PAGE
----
There has been buzz in math and computational groups after Vinay Deolalikar's proof that P != NP was made public. Here i will try to explain the basic concepts, and some analysis of his proof based on my discussion with experts (from university) and some from blogs in this area.

Algorithm

Means some set of computing instructions, like finding shortest number in the set of numbers.

P

P is the class of decision problems solvable by some algorithm within a number of steps bounded by some fixed polynomial in the length of the input. Note the length of problem and time are synonymously used here on. If there are N elements, O(N) is the order and complexity of the problem/solution. Polynomial time means in the order of N raise to power of 2, 3 ...integer. The theory behind this comes from Turing Machine by Alan Turing.

NP

NP, meanwhile, stands for "non-deterministic polynomial time" and refers to a set of problems whose solutions are hard to find, but easy to verify.

Simple Example to explain

if someone tells you that the combination to their suitcase with 3 keys is 9-1-1, then you can just dial up 9-1-1 and see if it opens. The important thing is that it's easy to verify whether you've got the right answer, but it's not necessarily easy, or even feasible, to come up with the right answer in the first place. So, an example of an NP problem is, "find the combination to this suitcase." If you come up with a way to answer that question, it's easy for me to tell whether you're right. It would require permutation which is 10*10*10 trials, easier to do for this the example but the point is important, that out of 1000 trials one will match, while verification was easy 1 step.All NP problem needs is Prover (to prove) and Verifier to verify in polynomial time. Also problems in decision area (giving true/false) rather than outputs (search) are focussed on.

NP-Hard

NP-Hard problems are one that follow Cook's Theorem as necessary-sufficient property,i.e. if we can say that the problem can be solved efficiently (polynomial time) then we can solve any problem in NP-Hard domain. First problem identified was logic problem of boolean satisfiability. Reducing various problems to other well known problems we can show that, it is NP-Hard. Example, Graph clique problem can be reduced to boolean satisfiability problem and hence its in NP-Hard using Cook's theorem.

NP-Complete

The set of NP problems (the majority of NP problems, in fact) that could be solved by adapting a single, easy solution, if an easy solution were possible. NP-Completeness for any problem requires only 2 things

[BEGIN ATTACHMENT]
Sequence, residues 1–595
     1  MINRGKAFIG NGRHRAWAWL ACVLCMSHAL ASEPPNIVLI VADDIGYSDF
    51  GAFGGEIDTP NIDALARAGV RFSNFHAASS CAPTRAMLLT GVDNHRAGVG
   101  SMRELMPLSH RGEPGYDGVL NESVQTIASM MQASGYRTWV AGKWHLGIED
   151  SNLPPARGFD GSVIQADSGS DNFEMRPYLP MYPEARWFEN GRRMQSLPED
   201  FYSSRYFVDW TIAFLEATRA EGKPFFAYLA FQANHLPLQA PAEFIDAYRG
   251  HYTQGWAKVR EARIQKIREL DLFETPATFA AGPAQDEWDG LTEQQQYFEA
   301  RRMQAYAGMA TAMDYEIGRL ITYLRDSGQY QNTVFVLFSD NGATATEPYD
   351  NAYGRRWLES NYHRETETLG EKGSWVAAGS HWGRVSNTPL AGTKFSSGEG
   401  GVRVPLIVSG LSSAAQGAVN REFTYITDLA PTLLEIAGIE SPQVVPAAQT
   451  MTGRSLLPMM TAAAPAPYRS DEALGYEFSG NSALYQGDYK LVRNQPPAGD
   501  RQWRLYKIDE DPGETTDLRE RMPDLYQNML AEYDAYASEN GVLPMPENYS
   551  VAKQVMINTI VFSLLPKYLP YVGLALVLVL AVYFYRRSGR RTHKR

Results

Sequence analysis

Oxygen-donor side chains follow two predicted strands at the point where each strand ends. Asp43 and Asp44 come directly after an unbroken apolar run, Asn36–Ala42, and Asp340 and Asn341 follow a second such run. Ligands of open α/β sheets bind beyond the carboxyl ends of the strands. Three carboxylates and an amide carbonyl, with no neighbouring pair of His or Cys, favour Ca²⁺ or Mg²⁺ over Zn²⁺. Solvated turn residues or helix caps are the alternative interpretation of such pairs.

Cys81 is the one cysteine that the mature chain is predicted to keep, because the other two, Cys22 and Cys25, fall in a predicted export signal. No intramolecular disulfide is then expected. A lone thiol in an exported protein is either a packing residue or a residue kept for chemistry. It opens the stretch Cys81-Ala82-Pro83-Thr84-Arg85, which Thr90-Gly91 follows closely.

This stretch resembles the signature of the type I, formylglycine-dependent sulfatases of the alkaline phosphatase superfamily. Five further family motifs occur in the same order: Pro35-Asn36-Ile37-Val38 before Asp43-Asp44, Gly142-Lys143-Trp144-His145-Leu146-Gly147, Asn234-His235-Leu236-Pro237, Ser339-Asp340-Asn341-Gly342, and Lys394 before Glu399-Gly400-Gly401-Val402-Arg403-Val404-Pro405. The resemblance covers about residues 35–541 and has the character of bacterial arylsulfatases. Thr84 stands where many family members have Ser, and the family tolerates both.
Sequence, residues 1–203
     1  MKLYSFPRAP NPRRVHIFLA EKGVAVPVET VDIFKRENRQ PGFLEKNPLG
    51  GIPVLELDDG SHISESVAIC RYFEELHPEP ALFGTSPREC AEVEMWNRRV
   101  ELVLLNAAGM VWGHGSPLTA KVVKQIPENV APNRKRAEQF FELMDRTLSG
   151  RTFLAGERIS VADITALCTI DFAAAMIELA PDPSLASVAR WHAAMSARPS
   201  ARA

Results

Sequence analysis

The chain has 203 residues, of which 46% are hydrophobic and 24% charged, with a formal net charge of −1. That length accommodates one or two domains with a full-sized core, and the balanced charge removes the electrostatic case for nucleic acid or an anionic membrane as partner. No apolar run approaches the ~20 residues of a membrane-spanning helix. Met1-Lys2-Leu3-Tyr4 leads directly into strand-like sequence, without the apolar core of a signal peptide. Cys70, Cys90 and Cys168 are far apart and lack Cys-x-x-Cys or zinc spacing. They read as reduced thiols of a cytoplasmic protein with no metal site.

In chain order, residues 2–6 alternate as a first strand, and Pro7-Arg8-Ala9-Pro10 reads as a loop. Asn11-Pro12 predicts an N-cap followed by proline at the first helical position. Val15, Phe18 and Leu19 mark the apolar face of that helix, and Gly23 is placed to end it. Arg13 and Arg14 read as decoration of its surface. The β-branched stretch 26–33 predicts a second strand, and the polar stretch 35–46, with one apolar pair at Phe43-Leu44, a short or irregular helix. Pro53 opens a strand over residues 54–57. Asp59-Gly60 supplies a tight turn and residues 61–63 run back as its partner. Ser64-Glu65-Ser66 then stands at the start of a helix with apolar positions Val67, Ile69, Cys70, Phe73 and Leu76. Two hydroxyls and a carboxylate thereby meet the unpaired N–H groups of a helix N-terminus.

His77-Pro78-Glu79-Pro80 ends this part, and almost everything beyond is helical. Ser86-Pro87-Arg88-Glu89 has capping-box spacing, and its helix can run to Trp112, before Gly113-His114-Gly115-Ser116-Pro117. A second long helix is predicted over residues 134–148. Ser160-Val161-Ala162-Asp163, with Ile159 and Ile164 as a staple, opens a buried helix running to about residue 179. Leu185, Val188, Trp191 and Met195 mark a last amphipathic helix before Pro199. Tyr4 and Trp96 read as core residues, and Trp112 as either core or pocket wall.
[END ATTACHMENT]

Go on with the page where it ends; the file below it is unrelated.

1. Proof that it is NP (Prover-Verifier in poly time)

2. Its NP-Hard using Reduction technique (like above).

Whether P = NP or P != NP ?

this has been the fundamental problem that Mathamaticians have been trying to prove. Clay Institute has Million dollar reward for such proof.

If P = NP, then problems that appear hard to solve (as the one above) actually have very easy solutions. Deolalikar says he has proven that P != NP -- as many mathematicians have believed -- meaning problems do exist that are easier to verify than to solve.

Is this the only Proof?

He is not the only one giving this proof about P and NP, as you can see just in 2010 there has been few people giving proofs and many others in past

http://www.win.tue.nl/~gwoegi/P-versus-NP.htm

Proof Analysis

Here is an intresting discussion on this which i have been tracking by the expert Neil Immerman in Finite State Models.

http://rjlipton.wordpress.com/2010/08/12/fatal-flaws-in-deolalikars-proof/

A comment by Albert Atserias gives a very high-level description of the proof strategy and points to what seems to "go wrong" (see also the surrounding comments).

He says: Deolalikar aims to show that

(1) the solution spaces of all problems in P have a simple structure; and

(2) the solution space of random k-SAT does not have this simple structure. In approaching (1),

Deolalikar seems to have misapplied the tools he uses from finite model theory -- a certain key reduction does not seem to preserve a "simplicity" property.

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